turnRight();
    		move();
    		putBeeper();
    		turnAround();
    		move();
    		turnRight();
    	}
    	
    	private void putBeeperInStack2() {
    
    		pickBeeper();
    		move();
    		turnRight();
    		move();
    		putBeeper();
    		turnAround();
    		move();
    		turnLeft();
    		move();
    		turnAround();
    	}
    	
    	private void removeBeeperStack1() {
    		
    		while (beepersPresent()) {
    			pickBeeper();
    		}
    	}
    	
    	private void moveBeeperStack2() {
    
    		// we need beeper stack #2 off of the first row,
    		//  so it is moved to the second row
    		
    		move();
    		while (beepersPresent()) {
    			pickBeeper();
    			returnToStart();
    			putBeeperAbove();
    			move();
    		}
    		returnToStart();
    	}
    	
    	private void spreadBeeperStack2() {
    
    		// we will use the second stack to find the midpoint,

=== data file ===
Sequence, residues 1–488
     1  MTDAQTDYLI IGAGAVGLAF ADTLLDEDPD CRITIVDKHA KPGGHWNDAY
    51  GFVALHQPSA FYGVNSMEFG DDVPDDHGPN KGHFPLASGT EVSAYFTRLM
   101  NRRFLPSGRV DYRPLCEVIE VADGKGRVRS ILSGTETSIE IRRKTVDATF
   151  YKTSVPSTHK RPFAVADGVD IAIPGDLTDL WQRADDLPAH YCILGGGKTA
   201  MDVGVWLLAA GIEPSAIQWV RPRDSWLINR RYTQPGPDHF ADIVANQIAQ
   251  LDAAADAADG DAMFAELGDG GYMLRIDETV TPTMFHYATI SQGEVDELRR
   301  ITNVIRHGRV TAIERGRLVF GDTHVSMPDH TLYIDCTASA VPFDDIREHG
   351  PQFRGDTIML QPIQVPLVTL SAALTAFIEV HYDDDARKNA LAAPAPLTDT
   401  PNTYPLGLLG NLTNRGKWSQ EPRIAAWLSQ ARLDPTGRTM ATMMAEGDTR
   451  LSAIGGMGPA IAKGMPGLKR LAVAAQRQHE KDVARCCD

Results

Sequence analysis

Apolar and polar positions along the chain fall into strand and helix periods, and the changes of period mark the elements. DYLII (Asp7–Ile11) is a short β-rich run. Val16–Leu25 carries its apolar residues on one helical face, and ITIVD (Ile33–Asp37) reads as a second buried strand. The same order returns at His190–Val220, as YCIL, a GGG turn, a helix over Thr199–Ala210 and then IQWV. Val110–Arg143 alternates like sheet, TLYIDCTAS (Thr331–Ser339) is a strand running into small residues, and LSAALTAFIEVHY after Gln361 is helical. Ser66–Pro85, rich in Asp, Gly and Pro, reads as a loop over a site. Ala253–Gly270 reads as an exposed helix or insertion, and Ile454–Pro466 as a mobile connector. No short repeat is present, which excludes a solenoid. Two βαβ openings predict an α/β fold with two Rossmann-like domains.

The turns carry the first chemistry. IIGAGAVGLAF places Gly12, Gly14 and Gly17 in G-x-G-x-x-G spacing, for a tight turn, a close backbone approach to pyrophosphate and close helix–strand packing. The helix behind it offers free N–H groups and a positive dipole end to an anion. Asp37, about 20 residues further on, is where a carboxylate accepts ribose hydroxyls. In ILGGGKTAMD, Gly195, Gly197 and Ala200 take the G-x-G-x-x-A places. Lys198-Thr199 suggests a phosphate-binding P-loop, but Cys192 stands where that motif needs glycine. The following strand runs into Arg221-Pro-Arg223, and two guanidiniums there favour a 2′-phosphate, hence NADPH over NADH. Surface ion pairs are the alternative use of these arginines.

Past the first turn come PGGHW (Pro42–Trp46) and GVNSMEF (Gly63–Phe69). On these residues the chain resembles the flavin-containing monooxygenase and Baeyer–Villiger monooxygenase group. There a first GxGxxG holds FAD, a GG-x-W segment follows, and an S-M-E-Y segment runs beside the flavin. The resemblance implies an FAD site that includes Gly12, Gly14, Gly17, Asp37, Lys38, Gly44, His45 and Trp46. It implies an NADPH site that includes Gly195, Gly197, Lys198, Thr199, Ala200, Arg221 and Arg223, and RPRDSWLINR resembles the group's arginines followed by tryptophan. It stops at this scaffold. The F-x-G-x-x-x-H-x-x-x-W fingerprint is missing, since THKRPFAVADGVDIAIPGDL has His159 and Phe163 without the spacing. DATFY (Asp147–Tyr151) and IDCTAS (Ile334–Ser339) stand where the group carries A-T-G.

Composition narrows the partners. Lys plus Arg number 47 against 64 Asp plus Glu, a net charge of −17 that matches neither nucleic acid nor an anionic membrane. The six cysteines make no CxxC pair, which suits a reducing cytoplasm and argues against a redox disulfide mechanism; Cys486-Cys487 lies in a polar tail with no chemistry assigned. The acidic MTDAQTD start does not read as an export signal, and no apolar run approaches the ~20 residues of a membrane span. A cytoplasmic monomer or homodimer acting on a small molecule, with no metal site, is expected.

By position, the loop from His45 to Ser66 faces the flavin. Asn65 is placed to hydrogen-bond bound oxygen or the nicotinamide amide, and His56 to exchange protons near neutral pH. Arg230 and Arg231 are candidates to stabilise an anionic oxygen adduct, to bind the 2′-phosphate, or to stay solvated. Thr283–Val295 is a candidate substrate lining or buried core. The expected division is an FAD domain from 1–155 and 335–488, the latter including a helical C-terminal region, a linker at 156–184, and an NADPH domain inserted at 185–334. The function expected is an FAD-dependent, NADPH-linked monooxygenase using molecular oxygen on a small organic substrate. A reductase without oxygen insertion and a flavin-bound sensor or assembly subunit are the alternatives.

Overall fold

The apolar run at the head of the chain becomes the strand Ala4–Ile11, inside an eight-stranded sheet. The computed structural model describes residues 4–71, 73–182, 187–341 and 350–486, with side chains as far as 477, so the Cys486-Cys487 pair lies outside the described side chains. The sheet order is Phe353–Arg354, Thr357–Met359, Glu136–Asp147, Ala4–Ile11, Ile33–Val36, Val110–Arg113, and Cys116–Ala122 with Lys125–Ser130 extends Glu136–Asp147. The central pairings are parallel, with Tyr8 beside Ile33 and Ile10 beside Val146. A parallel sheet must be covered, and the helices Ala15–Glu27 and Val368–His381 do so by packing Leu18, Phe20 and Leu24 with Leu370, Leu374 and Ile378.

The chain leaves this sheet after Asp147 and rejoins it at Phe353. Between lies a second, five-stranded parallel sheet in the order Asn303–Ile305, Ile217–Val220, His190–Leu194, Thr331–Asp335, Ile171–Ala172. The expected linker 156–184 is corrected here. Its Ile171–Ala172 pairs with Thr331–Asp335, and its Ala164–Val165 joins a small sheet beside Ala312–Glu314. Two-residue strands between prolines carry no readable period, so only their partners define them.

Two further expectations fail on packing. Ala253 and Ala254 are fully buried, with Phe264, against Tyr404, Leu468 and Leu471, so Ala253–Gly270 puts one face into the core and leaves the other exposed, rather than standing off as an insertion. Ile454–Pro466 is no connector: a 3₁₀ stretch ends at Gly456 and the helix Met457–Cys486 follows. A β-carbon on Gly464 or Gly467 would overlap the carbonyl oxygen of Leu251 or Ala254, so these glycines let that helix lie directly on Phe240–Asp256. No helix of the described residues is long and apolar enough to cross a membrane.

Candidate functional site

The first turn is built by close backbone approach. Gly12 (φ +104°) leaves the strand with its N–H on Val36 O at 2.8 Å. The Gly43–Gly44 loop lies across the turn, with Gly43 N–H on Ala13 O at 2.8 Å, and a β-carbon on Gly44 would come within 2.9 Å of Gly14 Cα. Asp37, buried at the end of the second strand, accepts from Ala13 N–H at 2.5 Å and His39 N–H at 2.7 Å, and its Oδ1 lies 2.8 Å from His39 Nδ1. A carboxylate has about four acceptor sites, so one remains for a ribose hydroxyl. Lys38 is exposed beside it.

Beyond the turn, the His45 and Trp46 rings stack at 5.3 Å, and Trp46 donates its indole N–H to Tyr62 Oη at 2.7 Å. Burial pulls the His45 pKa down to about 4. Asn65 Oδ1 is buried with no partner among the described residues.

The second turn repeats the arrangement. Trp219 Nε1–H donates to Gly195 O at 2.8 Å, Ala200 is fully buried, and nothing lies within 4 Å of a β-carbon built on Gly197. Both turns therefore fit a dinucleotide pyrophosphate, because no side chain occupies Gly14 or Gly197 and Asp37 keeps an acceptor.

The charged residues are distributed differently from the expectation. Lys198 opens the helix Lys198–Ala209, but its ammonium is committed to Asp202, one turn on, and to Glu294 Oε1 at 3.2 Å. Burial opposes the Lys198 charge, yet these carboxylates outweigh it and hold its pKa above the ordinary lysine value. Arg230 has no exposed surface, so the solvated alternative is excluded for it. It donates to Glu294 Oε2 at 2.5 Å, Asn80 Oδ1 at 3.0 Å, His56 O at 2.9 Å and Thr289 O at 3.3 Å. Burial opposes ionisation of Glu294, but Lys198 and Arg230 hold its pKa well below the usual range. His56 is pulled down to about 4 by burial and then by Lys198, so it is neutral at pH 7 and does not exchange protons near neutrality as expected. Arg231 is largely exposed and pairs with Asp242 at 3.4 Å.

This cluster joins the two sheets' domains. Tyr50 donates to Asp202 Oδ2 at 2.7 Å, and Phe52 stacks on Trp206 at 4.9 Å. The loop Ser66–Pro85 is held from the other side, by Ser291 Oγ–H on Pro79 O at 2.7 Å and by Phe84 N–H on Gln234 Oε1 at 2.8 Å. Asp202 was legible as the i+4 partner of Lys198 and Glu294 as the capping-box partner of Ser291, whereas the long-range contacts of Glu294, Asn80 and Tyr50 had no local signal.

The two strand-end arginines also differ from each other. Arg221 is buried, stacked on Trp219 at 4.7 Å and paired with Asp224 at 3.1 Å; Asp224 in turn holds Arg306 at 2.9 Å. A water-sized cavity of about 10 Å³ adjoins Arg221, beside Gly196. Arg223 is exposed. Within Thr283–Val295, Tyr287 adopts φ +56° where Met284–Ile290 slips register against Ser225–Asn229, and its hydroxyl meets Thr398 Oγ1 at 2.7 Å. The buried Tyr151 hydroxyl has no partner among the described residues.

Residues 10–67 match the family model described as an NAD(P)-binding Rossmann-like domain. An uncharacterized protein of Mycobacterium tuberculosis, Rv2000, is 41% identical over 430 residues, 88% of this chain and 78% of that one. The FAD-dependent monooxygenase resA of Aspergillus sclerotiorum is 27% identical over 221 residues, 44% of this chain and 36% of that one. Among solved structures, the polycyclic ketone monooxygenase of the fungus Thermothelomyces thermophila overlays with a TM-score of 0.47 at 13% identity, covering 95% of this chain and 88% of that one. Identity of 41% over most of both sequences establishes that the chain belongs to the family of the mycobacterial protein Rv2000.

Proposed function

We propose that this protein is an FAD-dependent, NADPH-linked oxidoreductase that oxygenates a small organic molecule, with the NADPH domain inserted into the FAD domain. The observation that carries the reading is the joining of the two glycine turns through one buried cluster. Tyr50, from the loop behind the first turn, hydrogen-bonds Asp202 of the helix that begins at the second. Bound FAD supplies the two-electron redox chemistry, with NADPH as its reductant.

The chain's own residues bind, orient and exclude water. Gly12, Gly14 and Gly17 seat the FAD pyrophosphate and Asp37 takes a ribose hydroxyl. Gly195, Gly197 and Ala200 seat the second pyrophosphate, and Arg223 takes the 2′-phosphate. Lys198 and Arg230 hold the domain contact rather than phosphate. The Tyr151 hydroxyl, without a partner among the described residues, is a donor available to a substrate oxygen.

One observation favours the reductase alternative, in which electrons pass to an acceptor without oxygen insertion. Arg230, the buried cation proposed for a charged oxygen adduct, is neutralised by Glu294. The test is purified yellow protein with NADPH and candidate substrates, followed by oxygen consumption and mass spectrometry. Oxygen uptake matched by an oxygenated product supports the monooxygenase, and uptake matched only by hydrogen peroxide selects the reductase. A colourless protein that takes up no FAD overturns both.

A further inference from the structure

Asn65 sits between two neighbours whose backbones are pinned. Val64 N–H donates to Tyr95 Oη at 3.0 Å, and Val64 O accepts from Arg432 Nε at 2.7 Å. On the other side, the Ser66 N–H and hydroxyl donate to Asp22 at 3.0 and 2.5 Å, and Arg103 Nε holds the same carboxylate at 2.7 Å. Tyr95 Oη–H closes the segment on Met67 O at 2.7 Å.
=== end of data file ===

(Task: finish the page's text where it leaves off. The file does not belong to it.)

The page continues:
//   because we move to the midpoint starting at corner 1,
    		//   and when stack #1 is larger
    		//    (e.g for 9 corners, stack #1 = 5, stack #2 = 4)
    		//   we only want to move 4 times to reach the midpoint (corner 5)
    		//
    		// for an even number of corners, the midpoint can be offset
    		//   to the east or west, per the problem instructions
    		//    (e.g. 6 corners, each stack has 3, we move from 1, +3,
    		//     leaves us at corner 4)
    
    		turnLeft();
    		move();
    		while (beepersPresent()) {
    			pickBeeper();
    			turnAround();
    			move();
    			turnLeft();
    			movePastEndOfBeepers();
    			putBeeper();
    			returnToStart();
    			turnLeft();
    			move();
    		}
    		turnAround();
    		move();
    		turnLeft();
    	}
    	
    	private void movePastEndOfBeepers() {
    
    		while(beepersPresent()) {
    			move();
    		}
    	}
    	
    	private void removeSpreadBeepersFromStack2() {
    		
    		turnAround();
    		move();
    		while (frontIsClear()) {
    			pickBeeper();
    			move();
    		}
    		pickBeeper();
    		turnAround();
    	}
    }